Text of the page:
But such street politics nevertheless doesn’t speak the language of class warfare and proletarian revolution; it speaks the more humble lexicon of critical legal work plus organizational issues. Which entails many down-to-earth problems of an invaluable importance: how to occupy a university chancellor’s office despite strong police protection; how to preserve direct democracy in a campus on strike between those who want to resume classes and those who want to maintain the struggle; how to mobilize one city’s high schools one morning to get their students to join the demonstration the same afternoon; how to communicate with the foreign press and the larger French population and let them know how vital that struggle is (as opposed to it being seen as one more defense of national privileges, as sneered by right-wingers everywhere); and most importantly, how to go beyond the single struggle against the “CPE”—that is, how to use it, or arm it, against the larger social backlash at work in the entire First World.
Connecting the struggles
That last issue is the key to all others. This time there have been three ways of widening the angle, increasing the size of the picture: first, linking the new form of labor precariousness implemented by the CPE with other recent steps backward such as the 2003-2004 changes in the cultural workers’ system (les “intermittents”) and in the public scholars’ status, which is what many activists try and do by reviving those recent struggles and morphing them into the CPE’s; second, building an organizational base or some sort of larger social movement likely to survive the end of this standoff, which is made harder among other things by the students’ understandable wariness of anything too institutional; and third, connecting the students’ movement with last fall’s suburban riots and their still invisible actors (see Cusset, “Bonfire of the French Vanities,” Rail, Dec.’05/ Jan. ’06), not in the old Marxist tradition of associating an intellectual vanguard with a proletarian herd (because students now come from every corner of society, and kids from the “banlieues” may even be among them), but as two forms of struggle obviously sharing common grounds and enemies. And this is where this spring’s movement has failed by and large, despite many efforts to forge such a crucial connection.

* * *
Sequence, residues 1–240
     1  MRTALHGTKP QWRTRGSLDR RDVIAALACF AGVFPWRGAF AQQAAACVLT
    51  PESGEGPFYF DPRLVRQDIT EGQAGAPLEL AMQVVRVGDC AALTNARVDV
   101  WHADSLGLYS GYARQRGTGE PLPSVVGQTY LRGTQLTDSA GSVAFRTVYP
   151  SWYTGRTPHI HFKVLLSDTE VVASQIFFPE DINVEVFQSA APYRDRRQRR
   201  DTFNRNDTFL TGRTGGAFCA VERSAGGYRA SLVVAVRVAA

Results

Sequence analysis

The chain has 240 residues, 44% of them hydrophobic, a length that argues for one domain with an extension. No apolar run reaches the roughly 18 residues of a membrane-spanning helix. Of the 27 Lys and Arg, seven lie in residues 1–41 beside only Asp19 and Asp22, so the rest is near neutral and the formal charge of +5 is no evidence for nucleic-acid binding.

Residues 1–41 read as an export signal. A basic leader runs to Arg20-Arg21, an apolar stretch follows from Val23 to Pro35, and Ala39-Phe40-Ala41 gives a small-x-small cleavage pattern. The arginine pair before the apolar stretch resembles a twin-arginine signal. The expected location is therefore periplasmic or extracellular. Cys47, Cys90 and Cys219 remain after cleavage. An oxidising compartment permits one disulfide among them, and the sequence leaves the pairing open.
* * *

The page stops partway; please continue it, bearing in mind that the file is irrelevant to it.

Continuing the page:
The current movement has failed because the kids who stood up last November against the “République” are still mostly unorganized and invisible, and most often interested less in those large mainstream demonstrations as a political action against a conservative government—and more as great opportunities for looting shops and robbing isolated students (images of a handful of demonstrators brutally kicking one of them on the ground just to steal his/her mobile phone has harmed the movement more than anything else). And it has failed because the ethnicized and essentialist look at last fall’s riots as a “war of civilization” or at least a lack of “integration” has prevailed until now, to the point where it now keeps apart a generational fight (the students’ movement) and an ethno-geographical problem (the “banlieues” over there). In fact, both have to do with the same age group turning this very category (the “youth”) that is fabricated by politicians and advertisers into an effective arm against today’s conservative elites.
And in this respect, both struggles deserve to be more in tune with each other than they have been throughout the impressive, combative, new French student movement of March and April, 2006. They should be connected too with labor strikes in Germany, anti-war movements in the US, Eastern Europe’s democratic resistance, and minority causes here and there. Otherwise, the current conflict may be seen as one more interest group from one midsize nation fighting for its own sake and ultimately against the other competing, selfish victims of global capitalism. The old song of “el pueblo unido…” could be heard among many others on the streets of Paris, Marseille and Rennes, sometimes along with its alternative version (“el pueblo armado...”), but this time it didn’t mean the old center-left fantasy of a well-organized united labor movement—it meant joining all the various forces to wage the day-to-day worldwide social war with some chance of survival.
—Paris, March 26, 2006